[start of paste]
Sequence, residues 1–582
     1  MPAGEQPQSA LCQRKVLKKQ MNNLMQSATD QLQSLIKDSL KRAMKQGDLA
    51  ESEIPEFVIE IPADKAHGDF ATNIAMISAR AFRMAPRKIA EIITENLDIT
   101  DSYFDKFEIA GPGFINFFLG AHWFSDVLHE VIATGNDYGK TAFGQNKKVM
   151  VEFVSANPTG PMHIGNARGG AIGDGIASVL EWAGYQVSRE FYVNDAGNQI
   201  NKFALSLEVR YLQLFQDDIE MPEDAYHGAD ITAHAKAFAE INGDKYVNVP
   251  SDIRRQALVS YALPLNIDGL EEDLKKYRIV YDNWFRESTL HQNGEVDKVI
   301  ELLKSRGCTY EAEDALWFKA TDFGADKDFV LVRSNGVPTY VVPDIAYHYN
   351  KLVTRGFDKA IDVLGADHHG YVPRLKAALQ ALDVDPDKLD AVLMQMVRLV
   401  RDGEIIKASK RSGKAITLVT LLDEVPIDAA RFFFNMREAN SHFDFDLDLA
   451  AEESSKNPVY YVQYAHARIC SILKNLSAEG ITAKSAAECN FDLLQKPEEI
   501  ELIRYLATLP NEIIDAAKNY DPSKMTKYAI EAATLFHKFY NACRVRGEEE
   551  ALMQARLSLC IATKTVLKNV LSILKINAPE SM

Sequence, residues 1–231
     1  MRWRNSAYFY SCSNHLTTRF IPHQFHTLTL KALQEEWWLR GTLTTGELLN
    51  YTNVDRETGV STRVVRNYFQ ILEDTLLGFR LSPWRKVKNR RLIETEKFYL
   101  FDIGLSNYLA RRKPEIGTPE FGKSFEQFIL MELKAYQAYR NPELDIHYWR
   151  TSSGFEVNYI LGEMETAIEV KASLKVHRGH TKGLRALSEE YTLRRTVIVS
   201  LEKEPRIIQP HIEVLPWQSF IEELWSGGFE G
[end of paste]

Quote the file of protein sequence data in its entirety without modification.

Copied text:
Sequence, residues 1–582
     1  MPAGEQPQSA LCQRKVLKKQ MNNLMQSATD QLQSLIKDSL KRAMKQGDLA
    51  ESEIPEFVIE IPADKAHGDF ATNIAMISAR AFRMAPRKIA EIITENLDIT
   101  DSYFDKFEIA GPGFINFFLG AHWFSDVLHE VIATGNDYGK TAFGQNKKVM
   151  VEFVSANPTG PMHIGNARGG AIGDGIASVL EWAGYQVSRE FYVNDAGNQI
   201  NKFALSLEVR YLQLFQDDIE MPEDAYHGAD ITAHAKAFAE INGDKYVNVP
   251  SDIRRQALVS YALPLNIDGL EEDLKKYRIV YDNWFRESTL HQNGEVDKVI
   301  ELLKSRGCTY EAEDALWFKA TDFGADKDFV LVRSNGVPTY VVPDIAYHYN
   351  KLVTRGFDKA IDVLGADHHG YVPRLKAALQ ALDVDPDKLD AVLMQMVRLV
   401  RDGEIIKASK RSGKAITLVT LLDEVPIDAA RFFFNMREAN SHFDFDLDLA
   451  AEESSKNPVY YVQYAHARIC SILKNLSAEG ITAKSAAECN FDLLQKPEEI
   501  ELIRYLATLP NEIIDAAKNY DPSKMTKYAI EAATLFHKFY NACRVRGEEE
   551  ALMQARLSLC IATKTVLKNV LSILKINAPE SM

Sequence, residues 1–231
     1  MRWRNSAYFY SCSNHLTTRF IPHQFHTLTL KALQEEWWLR GTLTTGELLN
    51  YTNVDRETGV STRVVRNYFQ ILEDTLLGFR LSPWRKVKNR RLIETEKFYL
   101  FDIGLSNYLA RRKPEIGTPE FGKSFEQFIL MELKAYQAYR NPELDIHYWR
   151  TSSGFEVNYI LGEMETAIEV KASLKVHRGH TKGLRALSEE YTLRRTVIVS
   201  LEKEPRIIQP HIEVLPWQSF IEELWSGGFE G